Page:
Hello Luis,

Thanks a lot for sharing your thoughts about this topic.

Il giorno gio 16 nov 2023 alle ore 18:35 Luis Chamberlain
<mcg...@kernel.org> ha scritto:
> On Thu, Sep 14, 2023 at 11:27:38AM +0000, Alessandro Carminati (Red Hat) 
> wrote:
> > This commit introduces a novel boot argument parameter that provides an
> > advanced level of control over the verification of module signatures
> > during the initial stages of booting. With this enhancement, we gain the
> > capability to postpone the verification of module signatures to after
> > intrd stage is finished.
> >
> > Given that bootloader-provided artifacts are commonly employed
> > post-verification,
> Is such a thing expressed with a kernel config? If so then shouldn't
> this be default for those uses cases?

I've hesitated to propose this as the default behavior for a few reasons:
The current patch doesn’t include a check for the secure boot chain being
>From what I've learned, confirming secure boot mode on UEFI systems,
especially on non x86 targets, lacks a standardized method.
Considering this, I've chosen to leave the decision to users who can
specify a command-line argument during kernel boot.

Implementing a new feature as default in the kernel might face resistance
and seem intrusive.
To avoid potential conflicts, I lean towards letting users choose to opt
into this feature.

Additionally, It’s essential to acknowledge that not all kernels involve an
initrd phase.
Embedded systems often differ in their use of an initrd compared to traditional
Linux distributions.
Enforcing this feature by default might not align with the preferences of
the embedded systems community.
I'm open to investing time in proposing conditions that might pave the way for
this feature to become default if certain conditions are met.

> > Signed-off-by: Alessandro Carminati (Red Hat) 
> > <alessandro.carmin...@gmail.com>
> > ---
> >  include/linux/module.h  |  4 +++
> >  kernel/module/main.c    | 14 ++++++-----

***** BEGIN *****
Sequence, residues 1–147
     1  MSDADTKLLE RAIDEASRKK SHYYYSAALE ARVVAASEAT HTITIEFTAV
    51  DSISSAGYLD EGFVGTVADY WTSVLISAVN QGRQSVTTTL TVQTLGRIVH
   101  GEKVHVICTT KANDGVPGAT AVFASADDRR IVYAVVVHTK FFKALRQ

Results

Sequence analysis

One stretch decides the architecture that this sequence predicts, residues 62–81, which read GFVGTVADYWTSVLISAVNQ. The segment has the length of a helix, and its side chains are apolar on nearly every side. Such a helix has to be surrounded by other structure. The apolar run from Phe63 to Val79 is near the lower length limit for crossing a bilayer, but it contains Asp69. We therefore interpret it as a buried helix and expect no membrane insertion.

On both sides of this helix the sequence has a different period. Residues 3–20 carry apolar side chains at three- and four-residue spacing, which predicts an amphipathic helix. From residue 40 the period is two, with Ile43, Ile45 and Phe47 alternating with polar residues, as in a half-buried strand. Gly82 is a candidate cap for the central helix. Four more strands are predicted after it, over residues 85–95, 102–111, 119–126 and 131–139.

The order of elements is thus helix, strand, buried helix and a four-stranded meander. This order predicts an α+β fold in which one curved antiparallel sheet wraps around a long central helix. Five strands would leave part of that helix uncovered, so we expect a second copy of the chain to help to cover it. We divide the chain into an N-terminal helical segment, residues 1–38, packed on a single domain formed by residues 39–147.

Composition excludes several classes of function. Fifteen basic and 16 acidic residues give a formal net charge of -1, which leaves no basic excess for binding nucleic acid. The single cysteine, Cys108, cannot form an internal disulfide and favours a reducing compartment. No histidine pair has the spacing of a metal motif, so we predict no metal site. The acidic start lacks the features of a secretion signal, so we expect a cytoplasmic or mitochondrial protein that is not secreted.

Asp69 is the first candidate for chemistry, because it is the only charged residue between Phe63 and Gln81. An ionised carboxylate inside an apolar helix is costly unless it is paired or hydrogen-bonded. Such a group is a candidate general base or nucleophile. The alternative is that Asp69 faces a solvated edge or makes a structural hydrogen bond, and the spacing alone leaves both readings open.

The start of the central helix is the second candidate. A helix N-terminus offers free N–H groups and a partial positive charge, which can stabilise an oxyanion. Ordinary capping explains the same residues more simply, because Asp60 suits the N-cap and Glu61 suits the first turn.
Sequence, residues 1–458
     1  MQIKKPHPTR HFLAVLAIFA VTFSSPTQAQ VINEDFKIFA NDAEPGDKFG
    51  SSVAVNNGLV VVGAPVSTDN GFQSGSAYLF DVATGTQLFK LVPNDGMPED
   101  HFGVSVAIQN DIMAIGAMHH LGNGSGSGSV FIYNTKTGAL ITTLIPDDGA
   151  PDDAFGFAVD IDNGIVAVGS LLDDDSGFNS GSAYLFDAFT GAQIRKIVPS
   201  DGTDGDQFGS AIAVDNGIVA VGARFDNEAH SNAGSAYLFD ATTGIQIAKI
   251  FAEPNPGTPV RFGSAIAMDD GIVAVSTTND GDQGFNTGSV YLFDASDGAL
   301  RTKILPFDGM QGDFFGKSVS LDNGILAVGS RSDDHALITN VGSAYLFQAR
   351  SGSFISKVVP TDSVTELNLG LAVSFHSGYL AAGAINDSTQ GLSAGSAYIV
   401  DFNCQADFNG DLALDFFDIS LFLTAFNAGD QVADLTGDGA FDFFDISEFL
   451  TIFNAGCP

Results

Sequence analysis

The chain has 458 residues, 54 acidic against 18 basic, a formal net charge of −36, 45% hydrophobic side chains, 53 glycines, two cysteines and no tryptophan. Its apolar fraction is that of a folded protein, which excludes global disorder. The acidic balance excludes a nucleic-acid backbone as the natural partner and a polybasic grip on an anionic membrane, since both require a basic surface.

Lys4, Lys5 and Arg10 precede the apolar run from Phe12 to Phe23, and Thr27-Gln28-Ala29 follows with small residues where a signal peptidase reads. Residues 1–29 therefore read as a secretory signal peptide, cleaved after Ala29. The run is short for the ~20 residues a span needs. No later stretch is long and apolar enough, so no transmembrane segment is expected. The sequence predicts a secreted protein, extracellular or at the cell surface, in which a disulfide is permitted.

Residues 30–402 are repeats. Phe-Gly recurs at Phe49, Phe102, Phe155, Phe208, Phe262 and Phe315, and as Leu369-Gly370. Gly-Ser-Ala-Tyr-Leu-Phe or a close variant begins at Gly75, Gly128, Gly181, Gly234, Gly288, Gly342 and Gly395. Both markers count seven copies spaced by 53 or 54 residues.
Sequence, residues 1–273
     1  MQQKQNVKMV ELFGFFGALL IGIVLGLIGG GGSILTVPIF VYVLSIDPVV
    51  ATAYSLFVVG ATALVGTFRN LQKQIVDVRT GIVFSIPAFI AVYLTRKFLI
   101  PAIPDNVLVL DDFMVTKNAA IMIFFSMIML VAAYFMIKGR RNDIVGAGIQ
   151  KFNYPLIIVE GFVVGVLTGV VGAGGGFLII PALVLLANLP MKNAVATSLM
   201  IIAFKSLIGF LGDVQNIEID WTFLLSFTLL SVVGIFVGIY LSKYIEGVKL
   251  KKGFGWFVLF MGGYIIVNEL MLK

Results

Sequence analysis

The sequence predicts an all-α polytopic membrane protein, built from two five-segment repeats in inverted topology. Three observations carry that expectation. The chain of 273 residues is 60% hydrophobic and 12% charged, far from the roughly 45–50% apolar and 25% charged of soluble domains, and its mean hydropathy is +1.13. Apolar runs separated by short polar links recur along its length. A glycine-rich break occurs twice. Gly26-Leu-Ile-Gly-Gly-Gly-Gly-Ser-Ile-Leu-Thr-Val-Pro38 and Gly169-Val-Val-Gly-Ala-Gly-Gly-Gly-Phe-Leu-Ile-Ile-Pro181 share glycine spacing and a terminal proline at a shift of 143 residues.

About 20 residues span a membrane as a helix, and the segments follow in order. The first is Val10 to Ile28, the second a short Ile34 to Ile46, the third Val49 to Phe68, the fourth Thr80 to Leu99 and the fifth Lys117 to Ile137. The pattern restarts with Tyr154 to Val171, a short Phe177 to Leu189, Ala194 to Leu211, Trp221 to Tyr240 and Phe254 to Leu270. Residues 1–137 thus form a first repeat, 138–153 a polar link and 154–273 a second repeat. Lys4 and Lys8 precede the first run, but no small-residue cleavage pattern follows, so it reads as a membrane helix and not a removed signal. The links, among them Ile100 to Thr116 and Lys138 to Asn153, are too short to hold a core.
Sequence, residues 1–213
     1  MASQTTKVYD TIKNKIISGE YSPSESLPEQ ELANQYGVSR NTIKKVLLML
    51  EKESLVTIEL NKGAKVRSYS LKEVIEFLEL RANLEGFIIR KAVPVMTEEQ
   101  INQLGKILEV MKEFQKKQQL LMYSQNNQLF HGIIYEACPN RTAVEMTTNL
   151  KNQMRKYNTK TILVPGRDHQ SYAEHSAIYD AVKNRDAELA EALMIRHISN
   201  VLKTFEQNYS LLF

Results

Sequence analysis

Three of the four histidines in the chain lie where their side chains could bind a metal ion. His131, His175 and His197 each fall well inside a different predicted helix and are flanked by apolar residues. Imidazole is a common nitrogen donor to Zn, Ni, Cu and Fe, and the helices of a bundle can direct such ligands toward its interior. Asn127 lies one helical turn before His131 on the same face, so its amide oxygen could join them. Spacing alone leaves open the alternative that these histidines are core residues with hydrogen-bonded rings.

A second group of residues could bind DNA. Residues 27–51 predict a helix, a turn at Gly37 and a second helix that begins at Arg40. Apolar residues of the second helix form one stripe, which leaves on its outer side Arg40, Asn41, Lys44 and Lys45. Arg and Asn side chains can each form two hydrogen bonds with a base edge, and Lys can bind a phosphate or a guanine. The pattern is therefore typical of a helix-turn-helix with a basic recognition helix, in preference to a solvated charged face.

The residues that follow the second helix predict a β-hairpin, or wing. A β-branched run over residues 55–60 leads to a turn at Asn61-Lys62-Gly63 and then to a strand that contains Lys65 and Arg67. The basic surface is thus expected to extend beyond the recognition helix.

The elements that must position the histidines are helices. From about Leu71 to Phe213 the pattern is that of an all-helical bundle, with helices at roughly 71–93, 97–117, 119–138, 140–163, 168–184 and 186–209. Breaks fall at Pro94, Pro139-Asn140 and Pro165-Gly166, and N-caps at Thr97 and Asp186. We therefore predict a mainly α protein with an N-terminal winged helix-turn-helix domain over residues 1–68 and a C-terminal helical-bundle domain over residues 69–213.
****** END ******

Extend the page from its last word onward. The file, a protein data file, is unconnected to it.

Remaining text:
> >  kernel/module/signing.c | 56 +++++++++++++++++++++++++++++++++++++++++
> >  3 files changed, 68 insertions(+), 6 deletions(-)
> >
> > diff --git a/include/linux/module.h b/include/linux/module.h
> > index a98e188cf37b..9899aeac43b0 100644
> > --- a/include/linux/module.h
> > +++ b/include/linux/module.h
> > @@ -34,6 +34,10 @@
> >
> >
> > +extern int module_sig_check_wait;
> > +#endif
> Please add under is_module_sig_enforced. That's one new line Vs 3 new ones.
> I see the code which skips module signature verification and the knobs
> but I don't see the code which complete the promise to do the actual
> signature verification post initrd / initramfs state. What gives?

My initial intention wasn't centered around providing an automated solution.
Instead, I envisioned a design where users could manually restore module
verification during a specific point in their init scripts.

It might be plausible to restore module verification when the rootfs is
remounted. However, this seems limiting rather than advantageous.

To offer users maximum flexibility, I considered a solution involving a
sysfs file as a control mechanism.

The objective of the RFC I sent out is to gather opinions on this feature.
Understanding what people think about it is very welcome. In this context,
the question arises: would it be better to have an automated solution that
restores the module signature verification automatically?

>   Luis

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